Many thanks to all of you who have contributed with posts and comments, and especially to Jakob Hohwy whose participation has made the reading group so interesting.


Chapter 12 - Into the Predictive Mind
Presented by Sam Wilkinson

In the twelfth and final chapter, “the prediction error mechanism is extended deep into matters of the mind” (p.242). In particular, it is applied to: emotions, introspection, privacy of mind, and the self, with each application having a section devoted to it. Hohwy readily acknowledges that these “are certainly aspects where the application of prediction error minimization [PEM] becomes more tenuous”. However, the applications are worth attempting, given the “immense explanatory scope” of the framework.

I take each section (with the applications to which they are devoted) in turn.

In “Emotions and Bodily Sensations”, the key idea is basically “interoceptive predictive processing”, namely, that emotion arises as a kind of perceptual inference on our internal states. This is neatly tied in with the James-Lange theory of emotion (recently made popular by Prinz 2004), according to which, e.g. we feel afraid because we tremble (rather than, as pre-theoretical intuition might have it, the other way around).

“Emotions arise as interoceptive prediction error is explained away” (p.243). It is not, as a classical bottom-up account (according to which inputs come in, get processed, and passed up until you get a conscious percept) would have it, the interoceptive state itself: it the hypothesis that explains it away.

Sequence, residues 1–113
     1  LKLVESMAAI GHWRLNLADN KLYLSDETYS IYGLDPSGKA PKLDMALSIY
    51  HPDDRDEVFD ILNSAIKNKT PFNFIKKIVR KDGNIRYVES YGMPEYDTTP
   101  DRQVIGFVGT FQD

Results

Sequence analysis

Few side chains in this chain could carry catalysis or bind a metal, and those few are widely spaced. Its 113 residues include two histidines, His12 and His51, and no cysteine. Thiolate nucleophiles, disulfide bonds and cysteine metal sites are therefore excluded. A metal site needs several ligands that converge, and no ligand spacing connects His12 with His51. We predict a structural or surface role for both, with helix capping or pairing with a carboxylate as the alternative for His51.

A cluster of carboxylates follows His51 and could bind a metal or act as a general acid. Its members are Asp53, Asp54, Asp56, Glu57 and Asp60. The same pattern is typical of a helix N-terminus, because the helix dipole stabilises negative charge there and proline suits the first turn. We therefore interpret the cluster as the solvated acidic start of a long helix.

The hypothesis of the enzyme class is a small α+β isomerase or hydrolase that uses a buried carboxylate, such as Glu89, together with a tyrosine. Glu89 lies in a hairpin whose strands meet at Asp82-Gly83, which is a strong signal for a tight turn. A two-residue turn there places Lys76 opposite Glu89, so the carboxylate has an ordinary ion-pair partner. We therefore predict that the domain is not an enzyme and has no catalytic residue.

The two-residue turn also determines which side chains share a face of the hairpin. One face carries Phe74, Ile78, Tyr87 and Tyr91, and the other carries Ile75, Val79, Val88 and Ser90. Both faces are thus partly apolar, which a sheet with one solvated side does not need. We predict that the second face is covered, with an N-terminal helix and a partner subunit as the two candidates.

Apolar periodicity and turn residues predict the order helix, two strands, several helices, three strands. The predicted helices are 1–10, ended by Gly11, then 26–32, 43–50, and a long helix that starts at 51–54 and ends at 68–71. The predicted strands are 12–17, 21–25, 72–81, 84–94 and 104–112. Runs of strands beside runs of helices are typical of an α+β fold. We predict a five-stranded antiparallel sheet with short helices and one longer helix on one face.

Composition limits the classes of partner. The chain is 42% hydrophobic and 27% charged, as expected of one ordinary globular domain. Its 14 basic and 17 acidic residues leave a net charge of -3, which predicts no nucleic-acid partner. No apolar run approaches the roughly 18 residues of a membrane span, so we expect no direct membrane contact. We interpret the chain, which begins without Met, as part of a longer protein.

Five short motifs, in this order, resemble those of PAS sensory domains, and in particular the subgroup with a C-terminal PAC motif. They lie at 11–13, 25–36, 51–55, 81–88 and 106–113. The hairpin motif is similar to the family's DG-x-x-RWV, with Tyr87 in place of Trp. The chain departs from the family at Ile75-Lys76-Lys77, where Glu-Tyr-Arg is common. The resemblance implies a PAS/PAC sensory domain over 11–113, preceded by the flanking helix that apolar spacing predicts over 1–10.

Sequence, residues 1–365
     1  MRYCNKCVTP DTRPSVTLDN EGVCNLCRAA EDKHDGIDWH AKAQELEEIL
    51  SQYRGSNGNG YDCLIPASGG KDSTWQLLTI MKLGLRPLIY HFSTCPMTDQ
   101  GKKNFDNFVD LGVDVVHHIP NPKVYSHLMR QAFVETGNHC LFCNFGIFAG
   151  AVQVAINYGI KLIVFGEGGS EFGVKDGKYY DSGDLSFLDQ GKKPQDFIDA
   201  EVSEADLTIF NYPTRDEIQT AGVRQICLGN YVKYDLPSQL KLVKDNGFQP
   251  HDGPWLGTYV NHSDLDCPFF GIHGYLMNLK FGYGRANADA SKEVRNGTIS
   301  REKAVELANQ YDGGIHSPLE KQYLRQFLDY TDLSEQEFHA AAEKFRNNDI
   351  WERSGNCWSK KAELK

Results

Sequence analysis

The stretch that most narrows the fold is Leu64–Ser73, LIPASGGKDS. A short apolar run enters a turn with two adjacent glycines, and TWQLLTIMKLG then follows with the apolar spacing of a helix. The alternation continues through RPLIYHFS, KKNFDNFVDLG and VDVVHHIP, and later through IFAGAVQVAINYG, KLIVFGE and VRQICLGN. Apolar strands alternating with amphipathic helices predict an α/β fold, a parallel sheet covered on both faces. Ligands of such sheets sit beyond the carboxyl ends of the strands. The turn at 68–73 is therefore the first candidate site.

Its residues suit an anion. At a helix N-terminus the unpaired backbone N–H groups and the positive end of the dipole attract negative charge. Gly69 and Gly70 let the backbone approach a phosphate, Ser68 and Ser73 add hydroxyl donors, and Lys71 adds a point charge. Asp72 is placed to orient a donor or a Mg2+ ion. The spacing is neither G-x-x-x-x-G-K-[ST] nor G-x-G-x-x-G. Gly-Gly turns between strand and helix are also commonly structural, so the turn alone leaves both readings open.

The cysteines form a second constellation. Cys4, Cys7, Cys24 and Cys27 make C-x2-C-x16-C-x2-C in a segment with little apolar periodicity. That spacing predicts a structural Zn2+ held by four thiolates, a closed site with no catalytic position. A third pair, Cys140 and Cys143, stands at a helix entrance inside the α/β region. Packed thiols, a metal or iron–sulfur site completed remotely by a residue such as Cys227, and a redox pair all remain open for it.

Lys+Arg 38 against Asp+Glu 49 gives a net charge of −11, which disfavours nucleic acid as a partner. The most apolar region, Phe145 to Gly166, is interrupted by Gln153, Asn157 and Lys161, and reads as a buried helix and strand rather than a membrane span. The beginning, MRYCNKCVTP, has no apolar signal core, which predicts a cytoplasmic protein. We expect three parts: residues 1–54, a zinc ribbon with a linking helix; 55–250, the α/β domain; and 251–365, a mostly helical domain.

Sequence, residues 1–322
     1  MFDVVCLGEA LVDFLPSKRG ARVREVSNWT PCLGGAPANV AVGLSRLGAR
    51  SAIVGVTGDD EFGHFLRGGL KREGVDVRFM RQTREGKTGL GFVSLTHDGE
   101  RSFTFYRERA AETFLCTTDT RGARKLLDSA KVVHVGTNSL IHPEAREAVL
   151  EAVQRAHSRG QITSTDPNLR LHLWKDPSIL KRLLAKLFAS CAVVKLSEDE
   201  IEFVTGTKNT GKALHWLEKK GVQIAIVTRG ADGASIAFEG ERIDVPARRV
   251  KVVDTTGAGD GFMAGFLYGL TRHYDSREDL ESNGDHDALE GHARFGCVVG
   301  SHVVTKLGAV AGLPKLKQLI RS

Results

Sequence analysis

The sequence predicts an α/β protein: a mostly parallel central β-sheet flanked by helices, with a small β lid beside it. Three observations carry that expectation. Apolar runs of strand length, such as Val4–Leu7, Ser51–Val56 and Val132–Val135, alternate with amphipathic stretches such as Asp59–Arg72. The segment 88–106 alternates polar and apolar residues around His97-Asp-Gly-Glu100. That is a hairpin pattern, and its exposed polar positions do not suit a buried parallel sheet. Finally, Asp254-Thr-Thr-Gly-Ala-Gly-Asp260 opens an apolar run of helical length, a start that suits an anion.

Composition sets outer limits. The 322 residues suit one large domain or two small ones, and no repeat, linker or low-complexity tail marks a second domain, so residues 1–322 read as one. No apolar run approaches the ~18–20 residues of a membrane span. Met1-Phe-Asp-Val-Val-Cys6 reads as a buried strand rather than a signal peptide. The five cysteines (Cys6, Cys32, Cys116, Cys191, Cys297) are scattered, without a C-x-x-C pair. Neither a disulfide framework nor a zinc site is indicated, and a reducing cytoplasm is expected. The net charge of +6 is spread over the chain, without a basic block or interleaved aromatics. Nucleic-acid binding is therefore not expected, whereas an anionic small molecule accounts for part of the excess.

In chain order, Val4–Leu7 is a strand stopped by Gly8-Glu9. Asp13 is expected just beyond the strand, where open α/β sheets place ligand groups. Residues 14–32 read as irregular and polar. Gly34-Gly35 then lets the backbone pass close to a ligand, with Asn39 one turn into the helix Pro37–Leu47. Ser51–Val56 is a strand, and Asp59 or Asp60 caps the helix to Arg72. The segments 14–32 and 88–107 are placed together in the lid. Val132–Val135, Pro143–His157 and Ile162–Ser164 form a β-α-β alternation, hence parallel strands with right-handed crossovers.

One interesting upshot of this is that it allows that inference to go wrong, thereby giving rise to “emotional illusions”.

A further, attractive, consequence of the hierarchical approach is that it settles the dispute between conceptualist and non-conceptualist views of emotion. On the one hand, human emotions seem rather sophisticated, and yet, on the other, it seems that far simpler animals are capable of feeling emotions (at least in some sense). As discussed in Chapter 3, and put to work in Chapter 6 with a similarly ecumenical resolution of the cognitive penetrability debate, “the sharp distinction between percepts and concepts begins to wash out in the perceptual hierarchy” (p.243). Thus, relatively basic animals can be said to have emotions (viz. these Bayes-optimal hypotheses that explain away interoceptive prediction error), but the character of their emotional experience will not be subject to the same top-down predictions that the emotional experience of more sophisticated animals (like ourselves) will be subject to.